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European Journal of Scandinavian Studies

Ed. by Böldl, Klaus / Rühling, Lutz / van der Liet, Henk

CiteScore 2017: 0.02

SCImago Journal Rank (SJR) 2017: 0.100
Source Normalized Impact per Paper (SNIP) 2017: 0.188

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Apocalypse Then and Now: Verdens Undergang (1916) and Melancholia (2011)

Mark B. Sandberg
Published Online: 2016-06-03 | DOI: https://doi.org/10.1515/ejss-2016-0007


A comparison of two films about the end of the world by astronomical collision, Verdens Undergang (1916) and Melancholia (2011), reveals crucial differences in their structuring of apocalyptic time. Although similar moments of cultural impasse (World War I and the present moment) can partly explain the appeal of an apocalyptic narrative in each case, the pleasures of von Trier’s film do not come from the compensatory sense of ordered time and moral clarity that end-of-the-world scenarios typically afford. Instead, Melancholia explores the paradoxes of post-apocalyptic perception, not from a position of true survival or social regeneration, but as a vestigial fictional space that persists even beyond the supposed total obliteration of life.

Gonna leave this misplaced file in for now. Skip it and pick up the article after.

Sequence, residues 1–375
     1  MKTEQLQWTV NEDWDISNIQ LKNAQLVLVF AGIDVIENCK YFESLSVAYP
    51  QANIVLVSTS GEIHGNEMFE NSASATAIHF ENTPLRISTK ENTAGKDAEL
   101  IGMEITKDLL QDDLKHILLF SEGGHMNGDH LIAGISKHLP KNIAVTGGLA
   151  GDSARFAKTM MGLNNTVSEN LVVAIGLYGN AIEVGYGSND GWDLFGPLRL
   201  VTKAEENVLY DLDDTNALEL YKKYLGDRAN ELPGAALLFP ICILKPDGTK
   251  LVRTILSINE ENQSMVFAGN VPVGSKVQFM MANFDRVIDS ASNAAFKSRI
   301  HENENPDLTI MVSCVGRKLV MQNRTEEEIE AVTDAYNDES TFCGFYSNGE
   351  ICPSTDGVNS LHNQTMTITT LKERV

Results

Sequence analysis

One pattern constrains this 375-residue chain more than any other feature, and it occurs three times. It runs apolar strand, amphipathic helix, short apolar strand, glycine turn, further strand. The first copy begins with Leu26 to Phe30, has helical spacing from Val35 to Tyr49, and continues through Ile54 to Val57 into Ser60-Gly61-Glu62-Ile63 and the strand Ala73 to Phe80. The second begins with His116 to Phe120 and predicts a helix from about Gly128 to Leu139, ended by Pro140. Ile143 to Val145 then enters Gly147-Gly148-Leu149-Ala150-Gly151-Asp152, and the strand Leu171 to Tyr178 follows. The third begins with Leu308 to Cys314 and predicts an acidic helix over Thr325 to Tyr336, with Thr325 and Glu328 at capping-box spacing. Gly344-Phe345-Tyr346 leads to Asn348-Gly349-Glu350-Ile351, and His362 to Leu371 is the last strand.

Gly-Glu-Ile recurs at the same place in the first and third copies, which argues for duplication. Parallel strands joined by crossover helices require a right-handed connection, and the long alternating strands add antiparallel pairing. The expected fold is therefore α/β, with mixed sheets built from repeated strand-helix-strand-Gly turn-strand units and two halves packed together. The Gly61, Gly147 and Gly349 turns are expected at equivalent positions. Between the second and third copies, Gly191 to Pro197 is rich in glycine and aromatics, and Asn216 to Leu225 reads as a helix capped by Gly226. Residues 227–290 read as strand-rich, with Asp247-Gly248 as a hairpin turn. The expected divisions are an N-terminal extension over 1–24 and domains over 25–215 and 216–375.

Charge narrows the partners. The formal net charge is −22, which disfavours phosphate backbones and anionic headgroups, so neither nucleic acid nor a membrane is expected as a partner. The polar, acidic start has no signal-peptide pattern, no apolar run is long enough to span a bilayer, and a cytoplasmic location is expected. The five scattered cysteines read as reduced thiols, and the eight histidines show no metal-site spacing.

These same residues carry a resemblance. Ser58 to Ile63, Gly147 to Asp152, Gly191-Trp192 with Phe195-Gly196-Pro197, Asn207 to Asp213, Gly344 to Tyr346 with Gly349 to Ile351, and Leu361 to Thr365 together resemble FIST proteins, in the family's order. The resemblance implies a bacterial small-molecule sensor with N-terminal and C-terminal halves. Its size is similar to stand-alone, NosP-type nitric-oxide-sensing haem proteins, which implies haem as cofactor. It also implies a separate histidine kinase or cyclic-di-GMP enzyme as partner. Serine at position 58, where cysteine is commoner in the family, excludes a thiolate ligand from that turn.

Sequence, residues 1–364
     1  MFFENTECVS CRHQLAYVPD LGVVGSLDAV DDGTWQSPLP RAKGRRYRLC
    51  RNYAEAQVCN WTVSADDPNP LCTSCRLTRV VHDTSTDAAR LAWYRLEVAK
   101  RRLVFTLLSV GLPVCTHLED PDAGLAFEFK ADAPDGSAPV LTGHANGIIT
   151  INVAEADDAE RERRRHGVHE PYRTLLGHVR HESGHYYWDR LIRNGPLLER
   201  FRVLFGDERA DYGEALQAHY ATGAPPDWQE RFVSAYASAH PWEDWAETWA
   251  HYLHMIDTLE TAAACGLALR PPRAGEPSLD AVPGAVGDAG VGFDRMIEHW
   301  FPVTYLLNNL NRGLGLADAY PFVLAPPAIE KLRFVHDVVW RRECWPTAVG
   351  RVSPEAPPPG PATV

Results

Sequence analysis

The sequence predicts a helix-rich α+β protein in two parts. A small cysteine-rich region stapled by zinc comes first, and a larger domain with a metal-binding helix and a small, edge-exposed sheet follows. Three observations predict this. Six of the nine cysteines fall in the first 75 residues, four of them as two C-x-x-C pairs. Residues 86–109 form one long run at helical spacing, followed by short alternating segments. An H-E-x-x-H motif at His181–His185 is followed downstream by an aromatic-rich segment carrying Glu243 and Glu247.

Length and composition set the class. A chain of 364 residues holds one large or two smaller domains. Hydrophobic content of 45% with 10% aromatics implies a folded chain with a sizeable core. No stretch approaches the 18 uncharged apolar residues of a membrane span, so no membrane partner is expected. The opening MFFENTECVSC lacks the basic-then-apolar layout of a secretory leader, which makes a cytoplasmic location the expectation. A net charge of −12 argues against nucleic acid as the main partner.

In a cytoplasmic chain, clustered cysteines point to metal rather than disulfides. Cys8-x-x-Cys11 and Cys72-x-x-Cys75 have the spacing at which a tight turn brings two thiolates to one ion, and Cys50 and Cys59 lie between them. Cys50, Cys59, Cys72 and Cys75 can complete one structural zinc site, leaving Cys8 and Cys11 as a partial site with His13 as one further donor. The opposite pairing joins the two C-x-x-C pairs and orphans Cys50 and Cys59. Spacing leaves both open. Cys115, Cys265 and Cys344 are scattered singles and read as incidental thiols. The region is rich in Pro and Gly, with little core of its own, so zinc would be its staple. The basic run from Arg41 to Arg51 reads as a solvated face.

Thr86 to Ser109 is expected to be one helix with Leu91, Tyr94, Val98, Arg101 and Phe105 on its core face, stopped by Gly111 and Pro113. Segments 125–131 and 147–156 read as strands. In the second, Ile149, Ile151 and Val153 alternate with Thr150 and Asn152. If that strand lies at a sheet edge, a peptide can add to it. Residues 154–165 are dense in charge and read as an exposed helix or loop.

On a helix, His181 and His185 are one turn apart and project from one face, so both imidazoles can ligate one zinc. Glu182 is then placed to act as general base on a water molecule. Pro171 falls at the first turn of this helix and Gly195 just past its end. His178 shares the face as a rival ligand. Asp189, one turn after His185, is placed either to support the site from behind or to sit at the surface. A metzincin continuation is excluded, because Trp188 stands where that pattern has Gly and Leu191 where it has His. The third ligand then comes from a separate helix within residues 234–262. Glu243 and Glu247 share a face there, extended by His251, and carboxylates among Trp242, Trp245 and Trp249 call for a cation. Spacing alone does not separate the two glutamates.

• Von Trier, Lars, dir. [2011]: Melancholia. DVD. Magnolia Home Entertainment, 2012.Google Scholar

  • Blom, August, dir. [1916]: Verdens Undergang. DVD. The Danish Film Institute, 2006.Google Scholar

About the article

Published Online: 2016-06-03

Published in Print: 2016-06-01

Citation Information: European Journal of Scandinavian Studies, Volume 46, Issue 1, Pages 102–119, ISSN (Online) 2191-9402, ISSN (Print) 2191-9399, DOI: https://doi.org/10.1515/ejss-2016-0007.

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